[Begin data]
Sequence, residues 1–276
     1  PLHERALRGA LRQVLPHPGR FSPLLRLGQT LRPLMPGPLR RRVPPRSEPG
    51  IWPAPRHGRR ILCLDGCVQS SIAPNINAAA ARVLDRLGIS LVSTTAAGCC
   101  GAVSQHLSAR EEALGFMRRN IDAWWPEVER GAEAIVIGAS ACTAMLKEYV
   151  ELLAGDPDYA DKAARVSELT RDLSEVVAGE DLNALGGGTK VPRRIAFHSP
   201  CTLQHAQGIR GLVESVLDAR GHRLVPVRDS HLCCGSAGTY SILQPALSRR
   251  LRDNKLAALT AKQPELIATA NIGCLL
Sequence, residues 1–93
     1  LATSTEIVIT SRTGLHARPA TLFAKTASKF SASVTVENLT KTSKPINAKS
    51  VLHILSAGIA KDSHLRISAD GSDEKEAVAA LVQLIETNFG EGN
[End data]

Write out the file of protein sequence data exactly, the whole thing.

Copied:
Sequence, residues 1–276
     1  PLHERALRGA LRQVLPHPGR FSPLLRLGQT LRPLMPGPLR RRVPPRSEPG
    51  IWPAPRHGRR ILCLDGCVQS SIAPNINAAA ARVLDRLGIS LVSTTAAGCC
   101  GAVSQHLSAR EEALGFMRRN IDAWWPEVER GAEAIVIGAS ACTAMLKEYV
   151  ELLAGDPDYA DKAARVSELT RDLSEVVAGE DLNALGGGTK VPRRIAFHSP
   201  CTLQHAQGIR GLVESVLDAR GHRLVPVRDS HLCCGSAGTY SILQPALSRR
   251  LRDNKLAALT AKQPELIATA NIGCLL
Sequence, residues 1–93
     1  LATSTEIVIT SRTGLHARPA TLFAKTASKF SASVTVENLT KTSKPINAKS
    51  VLHILSAGIA KDSHLRISAD GSDEKEAVAA LVQLIETNFG EGN